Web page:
Juvenile Rheumatoid Arthritis (JRA): JRA is the most common form of arthritis in childhood. The cause is unknown, but it involves abnormalities of the immune system. JRA can cause altered growth, joint damage, and joint inflammation.

Gout: Gout results from a build-up of uric acid which forms sodium urate crystals that deposit in joints and cause inflammation. Gout commonly affects the first metatarsophalangeal joint of the foot. It usually affects men over age 40. Women with gout usually develop it after menopause.

Systemic Lupus Erythematosus: This is also known as lupus or SLE. It is an autoimmune disease in which the immune system harms the body’s own healthy cells and tissues. Nine out of ten people who have lupus are women. Lupus is three times more common in black women than in caucasian women.

Fibromyalgia: Fibromyalgia is a syndrome predominately characterized by muscular pains and fatigue. The causes of fibromyalgia are unknown; however researchers hypothesize that genetics and, physical and emotional stressors are possible contributory factors to the development of the illness.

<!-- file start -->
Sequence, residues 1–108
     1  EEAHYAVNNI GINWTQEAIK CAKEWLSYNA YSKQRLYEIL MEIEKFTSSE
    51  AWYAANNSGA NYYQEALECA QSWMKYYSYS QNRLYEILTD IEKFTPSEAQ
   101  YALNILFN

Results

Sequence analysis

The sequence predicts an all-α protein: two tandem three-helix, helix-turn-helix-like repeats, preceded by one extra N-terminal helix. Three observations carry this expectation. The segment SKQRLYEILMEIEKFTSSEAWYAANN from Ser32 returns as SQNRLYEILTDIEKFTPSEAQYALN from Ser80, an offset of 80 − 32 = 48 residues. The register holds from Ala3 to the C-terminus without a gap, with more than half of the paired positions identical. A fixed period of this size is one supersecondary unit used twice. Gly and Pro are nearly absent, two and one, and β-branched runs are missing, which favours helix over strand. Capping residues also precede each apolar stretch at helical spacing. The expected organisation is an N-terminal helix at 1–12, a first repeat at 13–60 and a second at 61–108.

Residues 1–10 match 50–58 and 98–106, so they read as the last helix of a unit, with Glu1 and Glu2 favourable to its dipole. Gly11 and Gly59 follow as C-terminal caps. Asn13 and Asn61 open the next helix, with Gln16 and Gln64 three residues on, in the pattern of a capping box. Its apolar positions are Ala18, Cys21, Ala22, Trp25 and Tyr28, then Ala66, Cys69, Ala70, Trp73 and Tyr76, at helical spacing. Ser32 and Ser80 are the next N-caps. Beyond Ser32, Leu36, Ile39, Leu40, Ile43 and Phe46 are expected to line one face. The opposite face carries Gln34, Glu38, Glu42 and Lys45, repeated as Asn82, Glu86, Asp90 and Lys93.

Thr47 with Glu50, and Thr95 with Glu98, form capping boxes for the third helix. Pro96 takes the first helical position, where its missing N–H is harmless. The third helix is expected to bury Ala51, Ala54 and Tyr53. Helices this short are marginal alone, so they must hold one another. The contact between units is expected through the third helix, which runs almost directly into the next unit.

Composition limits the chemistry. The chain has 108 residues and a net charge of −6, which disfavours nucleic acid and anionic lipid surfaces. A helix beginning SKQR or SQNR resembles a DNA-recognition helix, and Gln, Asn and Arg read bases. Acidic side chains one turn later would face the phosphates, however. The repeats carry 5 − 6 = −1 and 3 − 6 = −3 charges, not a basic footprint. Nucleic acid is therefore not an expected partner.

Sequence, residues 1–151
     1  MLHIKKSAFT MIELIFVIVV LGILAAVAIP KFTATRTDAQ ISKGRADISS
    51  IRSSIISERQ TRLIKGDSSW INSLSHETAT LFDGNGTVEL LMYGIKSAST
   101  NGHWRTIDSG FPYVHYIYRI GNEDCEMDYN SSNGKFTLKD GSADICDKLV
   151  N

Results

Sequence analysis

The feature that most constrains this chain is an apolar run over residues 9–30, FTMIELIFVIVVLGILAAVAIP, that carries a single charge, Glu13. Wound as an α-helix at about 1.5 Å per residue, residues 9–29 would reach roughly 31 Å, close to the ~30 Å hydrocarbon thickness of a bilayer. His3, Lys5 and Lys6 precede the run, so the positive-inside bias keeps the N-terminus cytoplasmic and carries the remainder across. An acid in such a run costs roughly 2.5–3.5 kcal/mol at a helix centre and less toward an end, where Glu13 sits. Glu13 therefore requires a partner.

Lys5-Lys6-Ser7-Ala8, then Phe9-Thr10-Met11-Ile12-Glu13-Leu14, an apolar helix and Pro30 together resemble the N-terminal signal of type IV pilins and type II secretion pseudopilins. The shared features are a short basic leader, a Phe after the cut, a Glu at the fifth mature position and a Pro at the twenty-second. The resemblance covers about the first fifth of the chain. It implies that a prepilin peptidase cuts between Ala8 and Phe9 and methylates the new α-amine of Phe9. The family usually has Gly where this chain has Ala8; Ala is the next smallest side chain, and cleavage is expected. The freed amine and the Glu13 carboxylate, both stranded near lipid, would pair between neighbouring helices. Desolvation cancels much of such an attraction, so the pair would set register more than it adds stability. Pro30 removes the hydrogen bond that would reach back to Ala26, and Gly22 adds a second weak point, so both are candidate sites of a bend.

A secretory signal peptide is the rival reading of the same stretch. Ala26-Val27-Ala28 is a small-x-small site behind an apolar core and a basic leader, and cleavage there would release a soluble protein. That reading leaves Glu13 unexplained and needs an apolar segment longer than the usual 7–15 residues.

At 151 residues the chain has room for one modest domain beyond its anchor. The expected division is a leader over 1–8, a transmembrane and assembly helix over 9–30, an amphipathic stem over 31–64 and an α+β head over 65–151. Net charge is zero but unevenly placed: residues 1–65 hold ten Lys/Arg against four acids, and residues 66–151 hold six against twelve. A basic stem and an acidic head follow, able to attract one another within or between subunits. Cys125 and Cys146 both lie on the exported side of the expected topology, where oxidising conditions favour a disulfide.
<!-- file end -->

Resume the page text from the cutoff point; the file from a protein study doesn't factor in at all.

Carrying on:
Symptoms of Arthritis

Saturday, August 12th, 2006

Each type of arthritis has different symptoms and patterns. Each requires different treatments. Common symptoms include:

  • Pain or tenderness in the joints
  • Swelling in one or more joints
  • Warmth and redness in a joint
  • Stiffness or difficulty using or moving the joint

Severe rheumatoid arthritis (shown above right) can destroy the joints and deform the wrist, finger and knuckle joints. In the case of rheumatoid arthritis, symptoms include fatigue, weaknesses, loss of appetite, fever and anemia. When a person gets up after sleeping, joints are usually stiff, swollen and tender.

Some forms of arthritis go through cycles of getting better and worse. A flare-up means the disease is more active. During this time, there is increased morning stiffness, more pain and swelling in the joints, involvement of new joints, and increased tiredness and fatigue. Flare-ups can occur after eating a specific food. Milk is the most common offender. Other foods are shrimp, wheat products, and certain meats.

Treatment Options for Arthritis

Saturday, August 12th, 2006

Here are some known methods to stop arthritis pain for short periods of time, as recommended by The National Arthritis and Musculoskeletal and Skin Diseases Information Clearinghouse. This temporary relief can make it easier for people who have arthritis to exercise. The doctor or physical therapist can suggest a method that is best for each patient. The following methods have worked for many people: